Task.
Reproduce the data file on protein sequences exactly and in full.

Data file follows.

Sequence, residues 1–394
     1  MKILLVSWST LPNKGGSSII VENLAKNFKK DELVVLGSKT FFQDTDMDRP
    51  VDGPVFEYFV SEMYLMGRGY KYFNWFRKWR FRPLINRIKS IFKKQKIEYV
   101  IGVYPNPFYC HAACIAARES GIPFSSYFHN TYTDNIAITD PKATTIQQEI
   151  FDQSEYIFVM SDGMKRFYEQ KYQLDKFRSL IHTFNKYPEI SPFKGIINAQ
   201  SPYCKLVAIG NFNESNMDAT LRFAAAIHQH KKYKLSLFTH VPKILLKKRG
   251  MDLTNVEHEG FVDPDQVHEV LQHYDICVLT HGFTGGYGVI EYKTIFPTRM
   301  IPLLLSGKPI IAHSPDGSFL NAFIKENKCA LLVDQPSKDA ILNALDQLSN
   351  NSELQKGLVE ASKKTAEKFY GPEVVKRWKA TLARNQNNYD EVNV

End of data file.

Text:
Sequence, residues 1–394
     1  MKILLVSWST LPNKGGSSII VENLAKNFKK DELVVLGSKT FFQDTDMDRP
    51  VDGPVFEYFV SEMYLMGRGY KYFNWFRKWR FRPLINRIKS IFKKQKIEYV
   101  IGVYPNPFYC HAACIAARES GIPFSSYFHN TYTDNIAITD PKATTIQQEI
   151  FDQSEYIFVM SDGMKRFYEQ KYQLDKFRSL IHTFNKYPEI SPFKGIINAQ
   201  SPYCKLVAIG NFNESNMDAT LRFAAAIHQH KKYKLSLFTH VPKILLKKRG
   251  MDLTNVEHEG FVDPDQVHEV LQHYDICVLT HGFTGGYGVI EYKTIFPTRM
   301  IPLLLSGKPI IAHSPDGSFL NAFIKENKCA LLVDQPSKDA ILNALDQLSN
   351  NSELQKGLVE ASKKTAEKFY GPEVVKRWKA TLARNQNNYD EVNV